Emergent Air set to take over North Brewster County EMS services May 1

Emergent Air is set to officially take over 911 calls for North Brewster County this Sunday, May 1. Photo courtesy of Emergent Air.

BREWSTER COUNTY — Brewster County officials and the Alpine City Council voted in separate meetings Tuesday to approve an EMS services contract with company Emergent Air, which was recently selected by both governing bodies to take over 911 services for North Brewster County. 

The decision comes just in time as Emergent Air will officially take over 911 calls for the area this Sunday, May 1. In an interview with The Big Bend Sentinel, an Emergent Air representative shared that they have obtained the necessary personnel, vehicles and equipment to take up the service as planned.

City and county officials have been working since December 2021 to secure a new EMS provider after the sudden passing of Alpine EMS Director and Fire Chief Michael Scudder. Weighing the option of a private contractor versus a county-run service, officials ultimately opted to partner with El Paso-based company Emergent Air in mid-March, giving the company a little over a month to establish staff, ambulances, supplies and equipment for an Alpine-based EMS operation. 

In a comissioner’s court meeting on Tuesday, Judge Eleazar Cano said in ramping up services Emergent Air was spending a considerable amount of money on equipment, inducing new ambulances, and seemed determined to get off on the right foot.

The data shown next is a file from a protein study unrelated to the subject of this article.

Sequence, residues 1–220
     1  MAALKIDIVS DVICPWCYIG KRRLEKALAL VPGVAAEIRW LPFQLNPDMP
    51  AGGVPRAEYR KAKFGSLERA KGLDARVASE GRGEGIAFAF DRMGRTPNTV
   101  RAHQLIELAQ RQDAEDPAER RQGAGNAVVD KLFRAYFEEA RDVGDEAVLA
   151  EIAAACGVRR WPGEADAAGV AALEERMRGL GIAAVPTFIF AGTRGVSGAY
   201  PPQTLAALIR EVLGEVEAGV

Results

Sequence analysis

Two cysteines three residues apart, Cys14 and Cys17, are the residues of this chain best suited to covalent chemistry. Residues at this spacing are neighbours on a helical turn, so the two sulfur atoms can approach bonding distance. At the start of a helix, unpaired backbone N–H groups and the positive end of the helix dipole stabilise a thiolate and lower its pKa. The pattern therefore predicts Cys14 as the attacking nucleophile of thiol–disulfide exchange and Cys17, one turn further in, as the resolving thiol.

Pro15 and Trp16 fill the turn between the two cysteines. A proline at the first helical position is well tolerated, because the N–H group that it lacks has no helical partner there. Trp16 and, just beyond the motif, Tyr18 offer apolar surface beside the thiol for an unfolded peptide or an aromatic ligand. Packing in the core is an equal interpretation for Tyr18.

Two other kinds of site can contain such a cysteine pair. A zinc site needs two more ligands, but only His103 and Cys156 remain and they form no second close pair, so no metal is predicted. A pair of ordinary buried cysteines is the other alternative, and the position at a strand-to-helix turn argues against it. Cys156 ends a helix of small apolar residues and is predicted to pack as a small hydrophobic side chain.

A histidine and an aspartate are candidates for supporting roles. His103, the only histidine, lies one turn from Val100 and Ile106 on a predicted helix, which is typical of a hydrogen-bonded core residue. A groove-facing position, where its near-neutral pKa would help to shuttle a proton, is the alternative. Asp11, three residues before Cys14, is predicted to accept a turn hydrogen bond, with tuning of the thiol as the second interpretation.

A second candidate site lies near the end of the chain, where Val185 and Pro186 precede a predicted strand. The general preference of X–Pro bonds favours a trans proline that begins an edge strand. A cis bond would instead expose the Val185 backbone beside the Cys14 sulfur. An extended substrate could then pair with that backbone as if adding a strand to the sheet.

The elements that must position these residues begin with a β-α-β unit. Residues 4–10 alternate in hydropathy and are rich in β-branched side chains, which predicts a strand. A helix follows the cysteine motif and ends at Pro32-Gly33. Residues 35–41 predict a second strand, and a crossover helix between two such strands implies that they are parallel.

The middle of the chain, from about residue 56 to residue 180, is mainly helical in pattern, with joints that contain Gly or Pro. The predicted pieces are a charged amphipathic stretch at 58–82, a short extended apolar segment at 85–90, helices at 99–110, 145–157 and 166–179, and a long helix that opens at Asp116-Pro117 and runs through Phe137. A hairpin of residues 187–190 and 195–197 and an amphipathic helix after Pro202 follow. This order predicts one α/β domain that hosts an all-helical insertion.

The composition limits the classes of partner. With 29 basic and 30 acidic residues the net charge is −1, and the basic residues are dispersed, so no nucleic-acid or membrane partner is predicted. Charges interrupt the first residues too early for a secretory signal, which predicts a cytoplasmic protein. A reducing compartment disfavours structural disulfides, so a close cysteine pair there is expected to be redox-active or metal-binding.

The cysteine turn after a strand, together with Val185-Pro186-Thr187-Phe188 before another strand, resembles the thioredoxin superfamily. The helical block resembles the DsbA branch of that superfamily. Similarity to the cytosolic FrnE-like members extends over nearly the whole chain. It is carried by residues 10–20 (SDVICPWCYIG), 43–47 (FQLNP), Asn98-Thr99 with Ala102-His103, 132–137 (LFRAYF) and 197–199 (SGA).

“I think their commitment to their charge is pretty high. They want to make sure that they have what they need,” said Cano. 

Walter Kuykendall, program manager for Emergent Air, who is getting the company up and running in Alpine, called in to the meeting. Terlingua Fire and EMS Chief Greg Hennington, whose service stepped in to provide 911 coverage for North Brewster County while officials searched for a replacement, said they were in productive discussions with Emergent Air and he was optimistic about the transition.

“We’re excited to have these guys here. We’re already talking about how we can work together in South County,” said Hennington.